When you need to rework bits of, or the whole, manuscript it might be a good idea to alienate yourself from the manuscript. One thing I noticed is that it's difficult to look at a piece of text I have worked on for weeks, with fresh eyes. Hard to be creative in formulating things when you are stuck in a particular thought pattern.

It does wonders to put that aside and go deal with something else entirely. If you can forget the existence of the manuscript, even better. When you take a look at it again some days after, you might be able to see awkward formulations, hanging sentences or unclear paragraphs. During an academic writing class I took a couple of years ago they had this fantastic quote, "the author is dead!"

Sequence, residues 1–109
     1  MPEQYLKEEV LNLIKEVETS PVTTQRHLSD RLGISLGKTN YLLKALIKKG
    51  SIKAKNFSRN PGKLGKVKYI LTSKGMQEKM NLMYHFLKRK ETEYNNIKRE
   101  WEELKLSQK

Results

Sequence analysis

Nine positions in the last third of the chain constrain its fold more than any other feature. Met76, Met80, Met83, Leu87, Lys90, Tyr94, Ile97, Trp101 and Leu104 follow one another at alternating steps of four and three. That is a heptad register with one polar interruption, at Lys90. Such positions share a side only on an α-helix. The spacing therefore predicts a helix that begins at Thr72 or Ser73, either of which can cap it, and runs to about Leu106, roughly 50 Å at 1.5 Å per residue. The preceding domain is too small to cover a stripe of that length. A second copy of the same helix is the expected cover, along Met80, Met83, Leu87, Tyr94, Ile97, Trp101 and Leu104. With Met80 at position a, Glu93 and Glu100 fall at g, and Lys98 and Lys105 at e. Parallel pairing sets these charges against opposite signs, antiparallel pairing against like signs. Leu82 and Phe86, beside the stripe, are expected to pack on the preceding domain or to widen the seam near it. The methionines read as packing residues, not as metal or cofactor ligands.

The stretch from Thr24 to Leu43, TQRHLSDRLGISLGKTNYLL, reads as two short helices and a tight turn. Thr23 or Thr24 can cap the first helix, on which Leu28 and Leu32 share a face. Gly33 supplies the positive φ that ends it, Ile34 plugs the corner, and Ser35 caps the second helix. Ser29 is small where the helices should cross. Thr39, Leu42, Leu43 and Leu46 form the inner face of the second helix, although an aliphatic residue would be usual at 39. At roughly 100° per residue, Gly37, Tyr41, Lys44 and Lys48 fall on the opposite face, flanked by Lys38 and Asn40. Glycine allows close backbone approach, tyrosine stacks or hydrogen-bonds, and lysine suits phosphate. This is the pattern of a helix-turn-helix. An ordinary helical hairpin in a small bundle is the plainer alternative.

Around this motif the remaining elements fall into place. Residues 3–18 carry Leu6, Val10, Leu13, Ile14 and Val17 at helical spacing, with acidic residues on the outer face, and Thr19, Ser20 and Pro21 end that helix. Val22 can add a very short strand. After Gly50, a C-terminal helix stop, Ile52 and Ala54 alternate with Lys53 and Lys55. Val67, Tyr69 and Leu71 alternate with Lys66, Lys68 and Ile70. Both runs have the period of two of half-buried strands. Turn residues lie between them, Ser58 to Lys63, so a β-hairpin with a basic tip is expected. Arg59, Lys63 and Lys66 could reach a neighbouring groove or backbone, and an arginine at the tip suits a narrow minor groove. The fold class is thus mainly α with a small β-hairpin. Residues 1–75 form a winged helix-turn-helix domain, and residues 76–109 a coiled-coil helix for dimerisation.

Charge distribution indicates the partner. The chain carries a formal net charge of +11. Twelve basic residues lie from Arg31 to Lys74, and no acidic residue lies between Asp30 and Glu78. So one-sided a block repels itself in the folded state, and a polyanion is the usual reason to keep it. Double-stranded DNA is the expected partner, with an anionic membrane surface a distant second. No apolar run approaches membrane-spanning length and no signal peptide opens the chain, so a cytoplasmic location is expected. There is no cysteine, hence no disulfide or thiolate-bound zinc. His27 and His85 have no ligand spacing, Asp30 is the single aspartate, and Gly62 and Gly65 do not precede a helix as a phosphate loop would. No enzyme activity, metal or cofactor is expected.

While the full context of the quote is somewhat deeper and besides the point here, it should suffice to say that seen from the eyes of the reader, the author is long dead and gone... You, as the author, need to be aware of that and at least try to objectify yourself from the text in order to be able to see it as a reader might, and see the potential weaknesses.

On a different note, another thing that might be a good exercise in revising or reformulating scientific text, is to attempt to rewrite some existing text. For instance take a published article (could be yours or someone else's) and rewrite/summarise/revise it. Then submit both texts to a plagiarising-checking tool (there are some free ones online), to see if you can minimise the similarities in between the texts while keeping the message as intact as possible.